along constructing on to the shore,
constructing a driftwood barricade of driftwood
that only fog washes over

In a Through the this dense fog,
the our ferryboat navigating bravely navigates
the chain of San Juan islands in the fog, emeralds
emerging then receding, emerging then receding in the fog.
in the fog. We can see, no stars or sun to guide us.
Is it heresy to trust an unseen Captain?
in the fog. Who's permission do we need
to take command?

breathless on the farther shore, surprised,
when safely we safely arrive safely Upon safely arrival at the terminal,.
breathless, we see trace a our a finger over the relief map

and realize apprehend in retrospect realizing in retrospect
the winding,
circuitous path we have followed all along.

What guidance can do the stars and sun even give provide?
and that
stars are merely wishes
and dreams achieved manifested
the sun, melting like merely an egg yolk
melting through my our fingers,
food comfort for the next voyage

Saturday, April 12, 2008

Stars are wishes...

Glad I talked to the older guy. We met for coffee this morning. I was nervous that I'd have to talk a lot about myself, about my feelings (bleh) but he did most of the talking. All I had to do was state the problem, and he went into a trance. Whether he's psychic or not, I felt a deep communication happening. It's amazing the way some people can really read another person.

He said exactly what I expected the hear, but hearing it makes the difference. Nothing was a surprise, except how clear he was, and how specific to my situation. Knowing me very little, except socially and on stage, he was astonishing at his knowledge of my inner workings. "You're not into seduction. You expect people to see you, understand how wonderful you are, and go for it. Well, that's just a fantasy." Ouch, but spot on. I've been sitting alone on bar stools for 20 years waiting to be approached, cursing my un-attractiveness.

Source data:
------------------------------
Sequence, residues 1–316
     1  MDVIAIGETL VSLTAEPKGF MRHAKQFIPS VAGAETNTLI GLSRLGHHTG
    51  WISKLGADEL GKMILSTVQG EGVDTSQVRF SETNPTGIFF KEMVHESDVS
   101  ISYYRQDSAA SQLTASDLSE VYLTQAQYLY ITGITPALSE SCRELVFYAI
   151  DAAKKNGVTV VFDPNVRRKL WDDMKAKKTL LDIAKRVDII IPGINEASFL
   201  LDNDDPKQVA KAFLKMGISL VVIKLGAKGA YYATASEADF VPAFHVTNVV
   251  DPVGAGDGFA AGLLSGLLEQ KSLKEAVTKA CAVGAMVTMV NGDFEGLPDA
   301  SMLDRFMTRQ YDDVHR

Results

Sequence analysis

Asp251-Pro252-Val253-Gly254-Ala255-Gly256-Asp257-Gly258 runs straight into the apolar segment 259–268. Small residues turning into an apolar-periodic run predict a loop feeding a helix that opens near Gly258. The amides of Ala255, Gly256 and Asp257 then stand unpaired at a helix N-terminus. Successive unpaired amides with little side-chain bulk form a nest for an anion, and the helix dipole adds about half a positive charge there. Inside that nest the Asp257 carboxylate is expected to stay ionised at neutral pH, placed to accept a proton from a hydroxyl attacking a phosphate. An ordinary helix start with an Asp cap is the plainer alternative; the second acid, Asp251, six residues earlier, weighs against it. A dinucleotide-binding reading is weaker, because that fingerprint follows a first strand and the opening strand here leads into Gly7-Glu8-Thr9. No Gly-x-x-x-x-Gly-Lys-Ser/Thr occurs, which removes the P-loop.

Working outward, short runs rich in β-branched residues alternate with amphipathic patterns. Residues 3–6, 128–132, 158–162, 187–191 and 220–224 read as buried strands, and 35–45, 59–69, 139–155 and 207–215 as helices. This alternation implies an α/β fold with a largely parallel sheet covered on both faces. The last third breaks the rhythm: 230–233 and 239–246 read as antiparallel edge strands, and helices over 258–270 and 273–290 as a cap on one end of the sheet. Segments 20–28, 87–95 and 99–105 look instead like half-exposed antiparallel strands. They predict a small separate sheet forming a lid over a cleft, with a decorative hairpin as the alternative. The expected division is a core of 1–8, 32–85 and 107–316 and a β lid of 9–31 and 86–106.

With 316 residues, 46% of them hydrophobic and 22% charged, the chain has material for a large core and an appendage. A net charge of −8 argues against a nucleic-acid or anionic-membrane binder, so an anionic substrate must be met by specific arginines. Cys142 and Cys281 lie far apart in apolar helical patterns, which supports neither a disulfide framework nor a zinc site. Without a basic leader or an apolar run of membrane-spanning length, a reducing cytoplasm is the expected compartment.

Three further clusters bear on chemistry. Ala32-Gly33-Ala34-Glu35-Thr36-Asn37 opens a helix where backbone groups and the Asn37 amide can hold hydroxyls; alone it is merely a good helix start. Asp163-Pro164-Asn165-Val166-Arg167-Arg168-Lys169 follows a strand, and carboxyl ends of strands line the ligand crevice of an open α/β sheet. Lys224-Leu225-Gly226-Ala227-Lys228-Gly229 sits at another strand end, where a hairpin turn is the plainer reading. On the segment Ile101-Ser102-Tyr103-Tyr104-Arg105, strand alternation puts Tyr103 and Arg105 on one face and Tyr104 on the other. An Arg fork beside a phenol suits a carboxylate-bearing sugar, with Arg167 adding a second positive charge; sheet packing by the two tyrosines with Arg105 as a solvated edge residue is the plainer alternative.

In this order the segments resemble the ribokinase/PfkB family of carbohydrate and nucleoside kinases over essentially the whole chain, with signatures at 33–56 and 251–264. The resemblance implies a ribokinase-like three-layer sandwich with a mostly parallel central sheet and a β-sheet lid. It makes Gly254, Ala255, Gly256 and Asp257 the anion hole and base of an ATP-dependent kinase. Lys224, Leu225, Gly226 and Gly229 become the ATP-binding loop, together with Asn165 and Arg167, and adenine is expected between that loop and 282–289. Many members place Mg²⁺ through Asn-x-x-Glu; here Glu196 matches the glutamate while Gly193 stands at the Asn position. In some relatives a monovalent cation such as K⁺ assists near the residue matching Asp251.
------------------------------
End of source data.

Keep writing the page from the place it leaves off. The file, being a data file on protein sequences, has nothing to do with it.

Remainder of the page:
He told me what to expect now that I'm entering my 40s. I have a future of mad infatuations with younger, brilliant guys ahead of me. And I'm entering a period of rich imagination, which I should enjoy. Be in the moment, accept what is, and create what you want. "Stars are wishes and dreams achieved through possibility." He told me to take command.

Then he got down to brass tacks and told me my approach was wrong. He outlined a new approach and gave specific examples. Hot! examples.

Thursday, April 10, 2008

Mona Rogers in Person

Last night was Opening Night for a performance-art play, Mona Rogers in Person, that we're mounting at a gallery in the Bywater. All the typical Opening Night things to report: small house, but on our side. They laughed, hung out after to greet us. Few minor line flubs, bunch of lighting gaffs. High energy from the cast. The usual.

Here's our first "review". It's located in the comment section below my announcement of the show.

I had a blast. So fun to be on stage again, to work with friends, and to learn from Agnes. And it was fun to become this character, Mona Rogers. My transformation is slowest of the 5 actors. I start as a businessman with briefcase, and gradually transform into blond bombshell. By the time I burst onstage in heels, wig and aqua eye shadow, I'm her.

Wednesday, April 9, 2008

Think I need the advice of a much older guy.

Tuesday, April 8, 2008

Maybe this is not love?